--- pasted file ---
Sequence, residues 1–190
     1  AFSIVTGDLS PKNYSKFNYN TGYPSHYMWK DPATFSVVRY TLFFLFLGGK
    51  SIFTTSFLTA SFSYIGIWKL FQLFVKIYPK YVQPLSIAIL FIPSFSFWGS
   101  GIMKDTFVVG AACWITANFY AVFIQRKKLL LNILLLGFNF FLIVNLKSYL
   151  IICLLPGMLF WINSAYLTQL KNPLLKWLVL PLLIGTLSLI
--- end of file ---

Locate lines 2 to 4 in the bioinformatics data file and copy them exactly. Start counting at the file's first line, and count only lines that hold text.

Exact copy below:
     1  AFSIVTGDLS PKNYSKFNYN TGYPSHYMWK DPATFSVVRY TLFFLFLGGK
    51  SIFTTSFLTA SFSYIGIWKL FQLFVKIYPK YVQPLSIAIL FIPSFSFWGS
   101  GIMKDTFVVG AACWITANFY AVFIQRKKLL LNILLLGFNF FLIVNLKSYL